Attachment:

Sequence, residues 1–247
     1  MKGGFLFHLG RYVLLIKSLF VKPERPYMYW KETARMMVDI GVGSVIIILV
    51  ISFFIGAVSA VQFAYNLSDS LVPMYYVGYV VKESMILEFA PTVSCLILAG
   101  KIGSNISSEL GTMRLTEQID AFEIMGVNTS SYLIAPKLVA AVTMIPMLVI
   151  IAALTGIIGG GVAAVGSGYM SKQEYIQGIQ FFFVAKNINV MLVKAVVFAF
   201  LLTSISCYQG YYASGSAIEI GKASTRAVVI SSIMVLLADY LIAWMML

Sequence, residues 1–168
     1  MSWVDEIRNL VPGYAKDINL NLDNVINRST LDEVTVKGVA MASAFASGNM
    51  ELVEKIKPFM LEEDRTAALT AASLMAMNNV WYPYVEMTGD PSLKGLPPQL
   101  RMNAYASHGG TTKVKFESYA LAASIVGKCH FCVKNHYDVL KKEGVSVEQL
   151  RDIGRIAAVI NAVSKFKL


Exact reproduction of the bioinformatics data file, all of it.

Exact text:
Sequence, residues 1–247
     1  MKGGFLFHLG RYVLLIKSLF VKPERPYMYW KETARMMVDI GVGSVIIILV
    51  ISFFIGAVSA VQFAYNLSDS LVPMYYVGYV VKESMILEFA PTVSCLILAG
   101  KIGSNISSEL GTMRLTEQID AFEIMGVNTS SYLIAPKLVA AVTMIPMLVI
   151  IAALTGIIGG GVAAVGSGYM SKQEYIQGIQ FFFVAKNINV MLVKAVVFAF
   201  LLTSISCYQG YYASGSAIEI GKASTRAVVI SSIMVLLADY LIAWMML

Sequence, residues 1–168
     1  MSWVDEIRNL VPGYAKDINL NLDNVINRST LDEVTVKGVA MASAFASGNM
    51  ELVEKIKPFM LEEDRTAALT AASLMAMNNV WYPYVEMTGD PSLKGLPPQL
   101  RMNAYASHGG TTKVKFESYA LAASIVGKCH FCVKNHYDVL KKEGVSVEQL
   151  RDIGRIAAVI NAVSKFKL